Contact: Lucky Tran, Ph.D.
Columbia University Medical Center

Public Release: 22-Sep-2015
Integrated variants from 13,000 complete genomes available to public in Kaviar database
The Institute for Systems Biology and the Inova Translational Medicine Institute announced today a new release of Kaviar, the most comprehensive collection of human genomic variants currently available to the public.

Contact: Hsiao-Ching Chou
Institute for Systems Biology

Public Release: 22-Sep-2015
Journal of Ocular Pharmacology and Therapeutics
Matricellular proteins are promising new therapeutic targets for ocular diseases
A special issue of Journal of Ocular Pharmacology and Therapeutics highlights the latest research on matricellular proteins, which play a critical role in inflammation and blood vessel formation in the eye and therefore making them key targets for new therapies to treat common ocular disorders such as glaucoma, dry eye disease, and age-related macular degeneration. Comprehensive review articles and insightful editorials comprise this special issue of Journal of Ocular Pharmacology and Therapeutics.

Contact: Kathryn Ryan
Mary Ann Liebert, Inc./Genetic Engineering News

Public Release: 22-Sep-2015
Scientific Reports
New smart robot accelerates cancer treatment research
A new smart research robot accelerates research on cancer treatments. The new robot system finds optimal treatment combinations. Today Scientific Reports (Nature Publishing Group) is publishing an article about the robot, authored by Dr Mats Gustafsson, Professor of Medical Bioinformatics at Uppsala University.

Contact: Mats Gustafsson
Uppsala University

Public Release: 22-Sep-2015
New research finds that people emit their own personal microbial cloud
We each give off millions of bacteria from our human microbiome to the air around us every day, and that cloud of bacteria can be traced back to an individual. New research focused on the personal microbial cloud -- the airborne microbes we emit into the air -- examined the microbial connection we have with the air around us. The findings demonstrate the extent to which humans possess a unique 'microbial cloud signature.'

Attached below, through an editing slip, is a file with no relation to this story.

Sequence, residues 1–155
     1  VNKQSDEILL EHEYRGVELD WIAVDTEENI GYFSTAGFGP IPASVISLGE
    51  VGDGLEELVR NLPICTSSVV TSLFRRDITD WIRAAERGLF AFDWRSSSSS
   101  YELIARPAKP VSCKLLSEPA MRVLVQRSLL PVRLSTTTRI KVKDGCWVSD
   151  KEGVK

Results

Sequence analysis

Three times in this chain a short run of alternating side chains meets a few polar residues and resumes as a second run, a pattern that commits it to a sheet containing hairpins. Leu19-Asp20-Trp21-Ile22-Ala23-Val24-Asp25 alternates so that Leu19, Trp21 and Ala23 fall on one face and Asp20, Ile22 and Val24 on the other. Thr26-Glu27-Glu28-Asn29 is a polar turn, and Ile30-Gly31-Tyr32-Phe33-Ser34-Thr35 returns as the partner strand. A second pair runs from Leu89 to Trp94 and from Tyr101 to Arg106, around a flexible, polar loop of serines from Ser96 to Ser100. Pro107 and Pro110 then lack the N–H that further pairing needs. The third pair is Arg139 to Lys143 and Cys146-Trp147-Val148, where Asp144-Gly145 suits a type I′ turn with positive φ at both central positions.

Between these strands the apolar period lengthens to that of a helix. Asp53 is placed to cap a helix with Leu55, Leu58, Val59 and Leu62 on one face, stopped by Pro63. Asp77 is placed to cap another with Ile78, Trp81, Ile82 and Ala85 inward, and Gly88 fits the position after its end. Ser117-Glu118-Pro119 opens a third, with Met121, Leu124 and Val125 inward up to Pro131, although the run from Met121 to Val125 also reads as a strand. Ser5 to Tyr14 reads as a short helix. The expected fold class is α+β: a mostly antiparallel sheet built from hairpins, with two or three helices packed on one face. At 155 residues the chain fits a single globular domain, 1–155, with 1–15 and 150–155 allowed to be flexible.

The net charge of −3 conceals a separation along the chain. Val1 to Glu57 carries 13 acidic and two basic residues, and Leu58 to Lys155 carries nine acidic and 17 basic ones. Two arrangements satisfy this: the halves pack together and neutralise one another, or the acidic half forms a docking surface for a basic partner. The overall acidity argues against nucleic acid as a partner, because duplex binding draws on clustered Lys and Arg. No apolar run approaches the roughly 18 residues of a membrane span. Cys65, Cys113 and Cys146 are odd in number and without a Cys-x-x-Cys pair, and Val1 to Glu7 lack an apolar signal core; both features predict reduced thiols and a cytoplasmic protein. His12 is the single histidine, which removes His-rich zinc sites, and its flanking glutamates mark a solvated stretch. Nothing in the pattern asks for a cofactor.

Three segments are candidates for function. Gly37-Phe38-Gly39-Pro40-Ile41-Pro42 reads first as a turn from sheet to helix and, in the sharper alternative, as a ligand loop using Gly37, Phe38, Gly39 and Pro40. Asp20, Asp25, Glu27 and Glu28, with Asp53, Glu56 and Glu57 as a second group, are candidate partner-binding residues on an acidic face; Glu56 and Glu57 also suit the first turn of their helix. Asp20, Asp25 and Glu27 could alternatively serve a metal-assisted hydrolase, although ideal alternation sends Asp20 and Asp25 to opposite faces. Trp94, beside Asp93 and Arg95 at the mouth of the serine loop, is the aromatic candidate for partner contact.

Contact: James Meadow

Public Release: 21-Sep-2015
Nature Plants
Secret unlocked to rice seed survival when underwater
A team of scientists from the University of California, Riverside and the International Rice Research Institute, the Philippines, have done a study unlocking the secret to just how rice seeds might be able to survive when grown under water. The study identified a gene -- the AG1 gene -- that controls the availability of sugar to a growing seed shoot -- especially when under flooded conditions.
National Science Foundation, German Federal Ministry of Economic Cooperation and Development, Bill and Melinda Gates Foundation, Global Rice Research Partnership

Contact: Iqbal Pittalwala
University of California - Riverside

Public Release: 21-Sep-2015
Proceedings of the National Academy of Sciences
Insects passed 'the Turing Test'
In 1952, the legendary British mathematician and cryptographer Alan Turing proposed a model, which assumes formation of complex patterns through chemical interaction of two diffusing reagents. Russian scientists managed to prove that the corneal surface nanopatterns in 23 insect orders completely fit into this model.

Contact: Vladimir Koryagin
Lomonosov Moscow State University

Public Release: 21-Sep-2015
Proceedings of the National Academy of Sciences
Scientists sequence genome of worm that can regrow body parts, seeking stem cell insights
Tourists spending a recuperative holiday on the Italian coast may be envious of the regenerative abilities of locally found flatworm M. lignano. Named for an Italian beach town the tiny worm can regenerate almost its whole body following injury. Researchers have now sequenced its genome.
National Institutes of Health, National Science Foundation, The Swiss National Science Foundation, CSHL Cancer Center Support Grant

Contact: Peter Tarr
Cold Spring Harbor Laboratory

Public Release: 21-Sep-2015
Biologist David Lohman leads $2.5 million NSF-funded study on butterfly evolution
Dr. David J. Lohman, assistant professor of biology at The City College of New York, and his colleagues received $2.5 million in grants from the National Science Foundation for a collaborative study to resolve the evolutionary history of all butterfly species.
National Science Foundation

Contact: Jay Mwamba
City College of New York

Public Release: 18-Sep-2015
Proceedings of the National Academy of Sciences
'Tree of life' for 2.3 million species released